It is no coincidence that when the Cal Poly women’s basketball team is winning, its standout tandem of forwards performs well.
So well, in fact, that senior Jessica Eggleston and sophomore Megan Harrison combined for 78 points, 28 rebounds, 12 assists and six steals over their past two games last week in leading the Mustangs to consecutive victories for the first time since November 2006.
“They complement each other really nicely,” Cal Poly assistant coach Kerri Nakamoto said of Eggleston and Harrison. “Inside-out, one plays perimeter, one plays inside. They can swap equally well from there. They look for each other now. After a year of playing together, they’ve really developed their game together.”
Nakamoto spoke Monday at a weekly athletics department press conference in the absence of head coach Faith Mimnaugh, who was busy recruiting.
Eggleston, Harrison and the rest of the Mustangs (7-12, 3-4 Big West Conference) will be looking for their third straight win when rival UC Davis (9-12) visits Mott Gym for a nonconference game at 7 p.m. today. UC Davis is independent of a conference because it is still transitioning from the Division II ranks, but it will officially join the Big West next season.
Cal Poly will be trying to avenge a 78-64 loss at UC Davis on Jan. 11 in which the Mustangs committed 25 turnovers and shot 37.1 percent from the field.
“Last time we played Davis, we played them zone because they have a really good motion set where they run a lot of screens and cuts,” Nakamoto said. “We thought it’d be difficult to match up with them man-to-man.”
One player difficult to match up with man-to-man has been Eggleston, who was named Big West Player of the Week on Monday for the second time in her career. She leads Cal Poly in points per game (13.8), rebounds per game (7.8), assists (54) and is tied for the team lead in steals (40).
Eggleston, who is ninth all-time in points scored at Cal Poly with 927, is 73 shy of becoming the seventh player since the program’s inception in the 1974-75 season to reach 1,000 points in a career.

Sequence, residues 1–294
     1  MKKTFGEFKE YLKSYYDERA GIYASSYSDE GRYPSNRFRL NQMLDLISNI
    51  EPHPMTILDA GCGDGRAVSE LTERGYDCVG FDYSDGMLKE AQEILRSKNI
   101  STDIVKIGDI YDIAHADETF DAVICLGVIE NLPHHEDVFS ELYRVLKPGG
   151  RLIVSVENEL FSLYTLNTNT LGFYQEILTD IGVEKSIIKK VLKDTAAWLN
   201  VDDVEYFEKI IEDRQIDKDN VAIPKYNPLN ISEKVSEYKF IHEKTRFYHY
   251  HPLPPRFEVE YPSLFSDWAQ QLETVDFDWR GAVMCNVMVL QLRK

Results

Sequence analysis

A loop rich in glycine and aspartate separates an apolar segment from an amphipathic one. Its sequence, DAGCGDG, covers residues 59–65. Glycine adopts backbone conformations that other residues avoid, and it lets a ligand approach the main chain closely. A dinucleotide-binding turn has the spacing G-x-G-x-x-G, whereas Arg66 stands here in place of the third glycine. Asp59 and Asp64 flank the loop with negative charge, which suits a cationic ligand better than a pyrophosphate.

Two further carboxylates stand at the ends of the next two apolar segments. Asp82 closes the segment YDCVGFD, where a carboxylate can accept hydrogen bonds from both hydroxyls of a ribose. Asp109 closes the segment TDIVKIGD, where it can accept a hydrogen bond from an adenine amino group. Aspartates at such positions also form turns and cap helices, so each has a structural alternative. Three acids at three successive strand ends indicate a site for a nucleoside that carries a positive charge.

“Athletically, there’s not a player in the league that can match up with (Eggleston),” Nakamoto said. “She’s worked on her outside shot, which is making her even more of a dangerous weapon.”
That production has been key for an injury-plagued team that is playing without four-year starting point guard Sparkle Anderson, who suffered a season-ending ACL injury Nov. 28. Other players in the rotation who have missed significant time this season include starting shooting guard Toni Newman (leg stress fracture), backup point guard Ashlee Stewart (ankle sprain) and combo guard Kyla Howell (ineligible).
Newman and Stewart have since returned and started in the backcourt Saturday in Cal Poly’s 78-72 Big West win over visiting Cal State Northridge, a game in which they combined for 14 points on 6-for-12 shooting, 15 rebounds, four assists and four steals.
“With all our injuries and stuff, Jess has really been forced to step up,” Nakamoto said. “She’s shouldered a lot of the weight the whole season. We’ve got Toni back now, so there’s not as much pressure on her.”
There is not as much pressure on the upperclassmen as there was earlier in the season because of the improved performances of Cal Poly’s six freshmen, including power forward Bria Fields (9.5 ppg, 5.9 rpg).
“Our freshmen are starting to get comfortable in game experience,” Nakamoto said. “That’s really making a huge difference for us. The seniors all feel more comfortable with the freshmen, leaving the game for them.”
Tonight marks the last game in Cal Poly’s four-game home stand. The Mustangs play four of their final six on the road before the Big West tourney, which runs from March 7 to 10 in Anaheim.
As for the UC Davis game, there are more reasons than meet the eye in terms of it being a rivalry.
“We compete with them for recruits, so it’s big to be able to say we beat them, or at least split with them, in this case,” Nakamoto said.